“Congress Must Not Be Complicit”: Ben & Jerry’s Co-Founders and ASBC Call on Business Community to Support Eliminating Qualified Immunity
Contact: Edward Erikson, firstname.lastname@example.org
Taking their lead from the Players Coalition, Ben Cohen and Jerry Greenfield, co-founders of Ben & Jerry’s, along with The American Sustainable Business Council and 440 business people sent a letter to Congress urging Members to end qualified immunity.
BURLINGTON, VT, (July 8, 2020) – The American Sustainable Business Council and a group of 440 business people issued a letter to Congress today urging Congress to end qualified immunity. Signers of the letter include Eileen Fisher; Seth Goldman, co-founder of Eat the Change & PLNT Burger; Joey Bergstein, CEO of Seventh Generation, and many more.
“Qualified immunity is a get out of jail free card that protects police officers from being held accountable,” said Ben Cohen, co-founder of Ben & Jerry’s. “It makes it so difficult to prosecute and convict a bad cop that legal experts describe the law as so favoring cops that its “heads I win, tails you lose.”
“The fundamental principle of ‘equal protection under the law’ is clearly violated when not everyone is held to the same standard of accountability,” said Jeffrey Hollender, co-founder and CEO of the American Sustainable Business Council. “This becomes especially egregious when the accountability is less for those actually charged with enforcing our laws. This must change.”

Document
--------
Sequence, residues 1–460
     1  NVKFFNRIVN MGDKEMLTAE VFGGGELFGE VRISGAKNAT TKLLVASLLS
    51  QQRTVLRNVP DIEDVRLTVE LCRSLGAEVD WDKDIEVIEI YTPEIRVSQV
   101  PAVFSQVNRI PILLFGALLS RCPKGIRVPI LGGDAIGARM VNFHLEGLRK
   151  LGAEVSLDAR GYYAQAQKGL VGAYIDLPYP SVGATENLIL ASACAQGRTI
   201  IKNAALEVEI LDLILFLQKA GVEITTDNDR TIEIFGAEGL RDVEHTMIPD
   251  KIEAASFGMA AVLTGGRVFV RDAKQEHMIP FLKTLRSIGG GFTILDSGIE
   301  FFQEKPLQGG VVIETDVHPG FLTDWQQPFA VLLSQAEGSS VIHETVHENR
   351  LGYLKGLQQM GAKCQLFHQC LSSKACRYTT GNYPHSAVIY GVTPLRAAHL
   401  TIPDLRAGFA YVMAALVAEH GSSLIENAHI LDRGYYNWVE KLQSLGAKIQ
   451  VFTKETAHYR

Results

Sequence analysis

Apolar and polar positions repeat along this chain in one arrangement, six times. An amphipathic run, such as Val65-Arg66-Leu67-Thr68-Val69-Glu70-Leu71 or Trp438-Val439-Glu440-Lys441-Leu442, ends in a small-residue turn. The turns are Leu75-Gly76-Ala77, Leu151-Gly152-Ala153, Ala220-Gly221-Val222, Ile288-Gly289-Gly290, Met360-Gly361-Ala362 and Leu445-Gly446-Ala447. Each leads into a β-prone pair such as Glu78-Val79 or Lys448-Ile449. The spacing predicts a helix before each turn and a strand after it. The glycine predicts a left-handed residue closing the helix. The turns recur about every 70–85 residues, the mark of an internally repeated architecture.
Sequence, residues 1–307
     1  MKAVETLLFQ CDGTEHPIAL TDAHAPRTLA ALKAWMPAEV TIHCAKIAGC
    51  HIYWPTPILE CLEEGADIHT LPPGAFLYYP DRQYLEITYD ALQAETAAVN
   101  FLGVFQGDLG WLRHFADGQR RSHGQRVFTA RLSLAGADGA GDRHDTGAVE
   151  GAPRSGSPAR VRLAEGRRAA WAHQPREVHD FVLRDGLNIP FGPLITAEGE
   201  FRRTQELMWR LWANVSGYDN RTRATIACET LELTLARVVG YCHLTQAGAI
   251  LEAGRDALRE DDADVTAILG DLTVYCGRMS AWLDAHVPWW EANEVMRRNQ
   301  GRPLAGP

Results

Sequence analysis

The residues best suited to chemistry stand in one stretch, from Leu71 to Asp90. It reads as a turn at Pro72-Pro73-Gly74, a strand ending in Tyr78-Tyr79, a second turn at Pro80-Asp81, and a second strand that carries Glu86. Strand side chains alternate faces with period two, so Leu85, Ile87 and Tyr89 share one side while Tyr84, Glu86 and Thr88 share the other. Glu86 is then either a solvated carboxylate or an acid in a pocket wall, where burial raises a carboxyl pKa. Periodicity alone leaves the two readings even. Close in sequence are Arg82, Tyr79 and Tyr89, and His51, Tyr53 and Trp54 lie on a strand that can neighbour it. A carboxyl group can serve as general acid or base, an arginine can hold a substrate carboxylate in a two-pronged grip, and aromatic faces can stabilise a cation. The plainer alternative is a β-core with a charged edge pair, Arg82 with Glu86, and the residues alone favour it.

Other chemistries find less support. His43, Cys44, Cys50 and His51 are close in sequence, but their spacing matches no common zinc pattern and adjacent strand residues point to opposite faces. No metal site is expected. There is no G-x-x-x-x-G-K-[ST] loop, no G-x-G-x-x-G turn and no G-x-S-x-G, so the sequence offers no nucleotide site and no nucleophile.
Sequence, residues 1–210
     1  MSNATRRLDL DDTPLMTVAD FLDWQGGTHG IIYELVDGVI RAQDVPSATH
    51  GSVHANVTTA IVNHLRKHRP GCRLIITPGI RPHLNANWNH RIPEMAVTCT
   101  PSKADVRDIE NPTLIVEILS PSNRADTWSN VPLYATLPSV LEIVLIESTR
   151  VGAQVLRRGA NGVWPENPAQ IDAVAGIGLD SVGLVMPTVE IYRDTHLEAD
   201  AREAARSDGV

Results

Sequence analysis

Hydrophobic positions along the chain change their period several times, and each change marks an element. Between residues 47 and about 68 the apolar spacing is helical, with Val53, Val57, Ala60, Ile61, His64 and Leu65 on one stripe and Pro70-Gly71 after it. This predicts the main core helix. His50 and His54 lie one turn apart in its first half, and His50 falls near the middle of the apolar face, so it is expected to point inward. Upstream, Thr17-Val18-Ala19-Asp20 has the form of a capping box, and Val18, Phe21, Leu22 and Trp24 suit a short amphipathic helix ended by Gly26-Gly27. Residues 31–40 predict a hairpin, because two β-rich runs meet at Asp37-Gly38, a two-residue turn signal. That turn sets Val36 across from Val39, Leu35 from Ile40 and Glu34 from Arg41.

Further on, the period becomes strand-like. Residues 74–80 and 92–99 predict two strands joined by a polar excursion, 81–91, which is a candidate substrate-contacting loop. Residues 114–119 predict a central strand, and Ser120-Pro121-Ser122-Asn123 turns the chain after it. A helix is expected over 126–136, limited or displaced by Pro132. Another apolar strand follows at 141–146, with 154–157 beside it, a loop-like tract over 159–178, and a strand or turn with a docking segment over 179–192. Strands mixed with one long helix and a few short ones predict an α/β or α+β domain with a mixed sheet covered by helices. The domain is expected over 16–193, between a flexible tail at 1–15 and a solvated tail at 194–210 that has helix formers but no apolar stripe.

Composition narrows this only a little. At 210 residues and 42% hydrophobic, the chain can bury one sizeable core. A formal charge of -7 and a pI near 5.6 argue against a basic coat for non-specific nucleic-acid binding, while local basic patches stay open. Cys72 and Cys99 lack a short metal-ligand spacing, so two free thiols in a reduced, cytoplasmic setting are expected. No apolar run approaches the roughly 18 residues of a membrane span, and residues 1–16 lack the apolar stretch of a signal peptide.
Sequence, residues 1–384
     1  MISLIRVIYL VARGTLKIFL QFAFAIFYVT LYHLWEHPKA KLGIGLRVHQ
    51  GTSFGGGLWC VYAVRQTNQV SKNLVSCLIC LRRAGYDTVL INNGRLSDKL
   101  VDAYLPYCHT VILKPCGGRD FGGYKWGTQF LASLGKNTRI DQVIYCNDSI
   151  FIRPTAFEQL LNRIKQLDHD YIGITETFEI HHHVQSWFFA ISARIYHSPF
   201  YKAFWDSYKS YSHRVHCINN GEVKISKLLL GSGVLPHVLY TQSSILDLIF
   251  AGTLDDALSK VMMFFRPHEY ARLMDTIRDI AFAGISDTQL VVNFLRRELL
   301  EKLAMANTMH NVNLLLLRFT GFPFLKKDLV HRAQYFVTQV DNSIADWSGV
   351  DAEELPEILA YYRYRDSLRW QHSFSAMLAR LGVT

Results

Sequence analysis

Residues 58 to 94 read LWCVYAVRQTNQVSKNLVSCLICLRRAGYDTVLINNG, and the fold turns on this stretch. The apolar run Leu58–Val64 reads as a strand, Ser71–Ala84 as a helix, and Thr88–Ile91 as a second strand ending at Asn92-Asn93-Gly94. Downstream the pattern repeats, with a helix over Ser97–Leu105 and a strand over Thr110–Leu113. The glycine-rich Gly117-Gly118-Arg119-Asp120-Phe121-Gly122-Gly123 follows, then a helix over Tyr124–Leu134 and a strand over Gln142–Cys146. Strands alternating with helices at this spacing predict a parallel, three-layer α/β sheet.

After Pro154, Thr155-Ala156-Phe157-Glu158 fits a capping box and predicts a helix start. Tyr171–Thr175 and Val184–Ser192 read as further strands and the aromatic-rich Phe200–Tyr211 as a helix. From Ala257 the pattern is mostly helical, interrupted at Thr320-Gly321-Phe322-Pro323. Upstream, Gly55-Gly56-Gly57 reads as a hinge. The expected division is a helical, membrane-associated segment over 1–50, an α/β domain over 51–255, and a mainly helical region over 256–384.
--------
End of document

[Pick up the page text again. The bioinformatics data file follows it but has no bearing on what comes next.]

The letter urges Members of Congress to support the bi-partisan Ending Qualified Immunity Act, sponsored by House Reps. Ayanna Pressley (D-MA) and Justin Amash (L-MI).
“When police officers kill an unarmed man, when they beat a woman, or when they shoot a child, the people of this country must have a way to hold them accountable in a court of law. And officers must know that if they act in such a manner, there will be repercussions,” the letter, titled Request for Business Leaders to Support Ending Qualified Immunity, says. “A legal system that does not provide such a recourse is an illegitimate one. In their grief, people have taken to the streets because for too long, their government has failed to protect them.”
“Business people need to do more than say Black Lives Matter,” says Jerry Greenfield, co-founder of Ben & Jerry’s. “We need to walk the talk. Signing on to this letter and urging elected officials to end qualified immunity is one important step we can take right now.”
Ben and Jerry and ASBC are encouraging more business people to sign on to the letter and continue to pressure their elected officials to end qualified immunity and help end the state-sanctioned murder of Black people.
The American Sustainable Business Council (ASBC) partners with business organizations and companies to advocate for solutions and policies that support an equitable, sustainable, stakeholder economy. We are a multi-issue, business organization advocating on behalf of all sectors, sizes, and geographies of industry. ASBC and our association members collectively represent over 250,000 businesses across our networks.
We are coalition-focused in our approach to solving the pervasive and systemic issues of climate and energy, infrastructure, circular economy, and creating an inclusive stakeholder economy, all seen through the lens of racial equity and justice. We are changing the rules by which business is done so it is better for all people and the environment